Compare the Criminal Justice System of the U.K. to That of the U.S.

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Date Submitted: 12/10/2012 11:45 AM

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This research paper provides a comparison on the criminal justice system of the United Kingdom to that of the United States. It examines both systems and jurisdictions and their basis (which is the common law). Also, it discusses basic comparisons between the elements of crime of the United Kingdom and the United States. In addition, it discusses the major similarities between the two countries since the United States used England as its basis for criminal law.

Bill Clinton once said that if we want to keep crime coming down, we need to instill trust in our criminal justice system. While this quote holds an enormous truth to it, people must remember that every country deals with offenses in different ways. Furthermore, they handle punishment (i.e. jail time, probation, and parole) in different ways. The UK and the United States have extremely similar criminal justice systems, as well as extremely similar elements for a crime. This is because the American system is based upon the UK system, as both systems are based upon the common law. The criminal system is similar, in that, in both jurisdictions, there must be mens rea to be held guilty for a crime, in both jurisdictions a criminal may be exonerated for a crime, or at least held to a lesser standard, if there was sufficient provocation, and, in both systems, there is a thin or eggshell skull rule, although, in the United States, this rule is usually used exclusively for torts. These are some basic similarities to the elements for crimes in both jurisdictions. Beyond this, there are similarities in the systems themselves. Both systems treat mentally disordered offenders similarly, although England appears to have more options for this type of offender.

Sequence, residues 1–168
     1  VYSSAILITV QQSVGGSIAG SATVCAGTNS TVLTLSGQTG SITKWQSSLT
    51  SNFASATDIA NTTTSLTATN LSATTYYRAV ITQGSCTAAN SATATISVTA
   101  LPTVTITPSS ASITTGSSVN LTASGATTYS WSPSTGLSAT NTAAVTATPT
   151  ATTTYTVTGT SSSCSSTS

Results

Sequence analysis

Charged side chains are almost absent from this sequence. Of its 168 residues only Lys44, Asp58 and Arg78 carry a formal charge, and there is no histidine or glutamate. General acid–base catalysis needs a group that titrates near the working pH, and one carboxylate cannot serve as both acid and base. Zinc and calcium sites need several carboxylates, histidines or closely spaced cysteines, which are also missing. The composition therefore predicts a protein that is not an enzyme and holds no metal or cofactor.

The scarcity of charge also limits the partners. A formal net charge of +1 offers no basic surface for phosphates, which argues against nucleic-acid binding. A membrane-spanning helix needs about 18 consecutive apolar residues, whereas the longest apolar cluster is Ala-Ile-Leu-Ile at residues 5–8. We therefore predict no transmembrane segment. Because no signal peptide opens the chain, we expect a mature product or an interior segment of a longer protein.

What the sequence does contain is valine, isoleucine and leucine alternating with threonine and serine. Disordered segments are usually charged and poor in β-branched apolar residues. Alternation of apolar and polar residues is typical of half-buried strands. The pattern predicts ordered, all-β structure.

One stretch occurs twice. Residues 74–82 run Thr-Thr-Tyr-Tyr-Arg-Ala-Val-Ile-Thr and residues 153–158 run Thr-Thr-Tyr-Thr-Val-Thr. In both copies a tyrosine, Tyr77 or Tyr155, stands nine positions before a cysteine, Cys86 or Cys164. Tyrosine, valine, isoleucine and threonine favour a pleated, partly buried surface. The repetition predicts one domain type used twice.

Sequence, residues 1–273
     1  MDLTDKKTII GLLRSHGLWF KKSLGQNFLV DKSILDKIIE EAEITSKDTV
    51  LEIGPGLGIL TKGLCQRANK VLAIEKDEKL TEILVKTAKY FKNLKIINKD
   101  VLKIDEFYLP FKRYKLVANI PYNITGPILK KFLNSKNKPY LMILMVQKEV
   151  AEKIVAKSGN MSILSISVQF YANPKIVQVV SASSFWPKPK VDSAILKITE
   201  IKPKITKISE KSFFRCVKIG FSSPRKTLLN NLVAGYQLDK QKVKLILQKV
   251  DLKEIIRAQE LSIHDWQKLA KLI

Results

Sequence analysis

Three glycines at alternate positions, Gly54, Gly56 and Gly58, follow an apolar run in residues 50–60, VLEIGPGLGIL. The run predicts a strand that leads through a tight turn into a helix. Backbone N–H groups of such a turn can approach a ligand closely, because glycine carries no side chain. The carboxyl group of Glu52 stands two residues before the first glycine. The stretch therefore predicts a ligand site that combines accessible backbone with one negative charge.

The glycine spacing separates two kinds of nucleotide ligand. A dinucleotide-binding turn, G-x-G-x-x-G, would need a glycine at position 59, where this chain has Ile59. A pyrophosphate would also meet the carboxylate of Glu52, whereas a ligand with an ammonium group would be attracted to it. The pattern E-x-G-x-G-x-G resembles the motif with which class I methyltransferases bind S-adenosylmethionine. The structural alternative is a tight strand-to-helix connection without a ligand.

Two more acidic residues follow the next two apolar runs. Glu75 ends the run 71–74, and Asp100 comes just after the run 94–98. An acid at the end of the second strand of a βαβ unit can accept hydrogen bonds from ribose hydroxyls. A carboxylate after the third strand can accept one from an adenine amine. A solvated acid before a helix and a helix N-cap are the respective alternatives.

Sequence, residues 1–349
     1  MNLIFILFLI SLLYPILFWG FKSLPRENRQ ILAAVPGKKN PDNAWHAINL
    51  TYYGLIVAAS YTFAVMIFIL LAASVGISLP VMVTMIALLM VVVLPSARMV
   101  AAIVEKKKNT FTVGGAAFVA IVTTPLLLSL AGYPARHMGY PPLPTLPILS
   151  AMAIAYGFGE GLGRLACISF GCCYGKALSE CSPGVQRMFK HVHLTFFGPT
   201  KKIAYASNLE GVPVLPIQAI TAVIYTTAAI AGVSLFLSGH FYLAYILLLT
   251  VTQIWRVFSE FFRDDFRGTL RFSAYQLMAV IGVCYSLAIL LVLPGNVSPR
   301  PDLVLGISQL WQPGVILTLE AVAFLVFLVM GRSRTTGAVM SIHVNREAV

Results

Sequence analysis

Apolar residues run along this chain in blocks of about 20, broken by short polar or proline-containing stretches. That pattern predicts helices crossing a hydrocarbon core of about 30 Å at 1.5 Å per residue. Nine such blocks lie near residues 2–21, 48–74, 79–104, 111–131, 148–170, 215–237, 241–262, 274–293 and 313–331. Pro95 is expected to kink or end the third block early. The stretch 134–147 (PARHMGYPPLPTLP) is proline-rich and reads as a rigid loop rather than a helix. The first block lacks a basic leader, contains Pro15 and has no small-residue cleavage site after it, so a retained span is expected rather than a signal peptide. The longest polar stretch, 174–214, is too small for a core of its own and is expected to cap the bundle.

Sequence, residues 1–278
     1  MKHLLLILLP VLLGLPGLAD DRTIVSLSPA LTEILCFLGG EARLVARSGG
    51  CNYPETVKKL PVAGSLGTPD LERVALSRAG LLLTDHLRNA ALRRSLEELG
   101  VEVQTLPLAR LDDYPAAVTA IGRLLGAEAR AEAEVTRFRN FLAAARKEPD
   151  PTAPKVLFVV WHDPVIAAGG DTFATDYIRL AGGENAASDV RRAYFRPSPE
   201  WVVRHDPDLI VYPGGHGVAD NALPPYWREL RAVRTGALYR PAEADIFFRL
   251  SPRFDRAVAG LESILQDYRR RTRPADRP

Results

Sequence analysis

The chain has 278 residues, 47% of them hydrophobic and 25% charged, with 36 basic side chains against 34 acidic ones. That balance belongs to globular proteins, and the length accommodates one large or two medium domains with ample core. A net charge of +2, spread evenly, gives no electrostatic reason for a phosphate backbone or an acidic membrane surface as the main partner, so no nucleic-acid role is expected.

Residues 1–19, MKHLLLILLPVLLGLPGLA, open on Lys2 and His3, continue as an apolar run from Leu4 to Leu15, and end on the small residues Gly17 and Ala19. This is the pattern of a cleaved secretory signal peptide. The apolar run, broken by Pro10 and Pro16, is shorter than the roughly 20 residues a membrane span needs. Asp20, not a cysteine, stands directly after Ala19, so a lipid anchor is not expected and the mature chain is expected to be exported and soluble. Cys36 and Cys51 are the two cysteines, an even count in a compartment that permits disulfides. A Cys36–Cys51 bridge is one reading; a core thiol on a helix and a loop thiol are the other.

Additionally, in both systems, the victims ostensibly have rights, although these rights do not seem to be enforced as much in England as they are in the United States. In both systems, there is some form...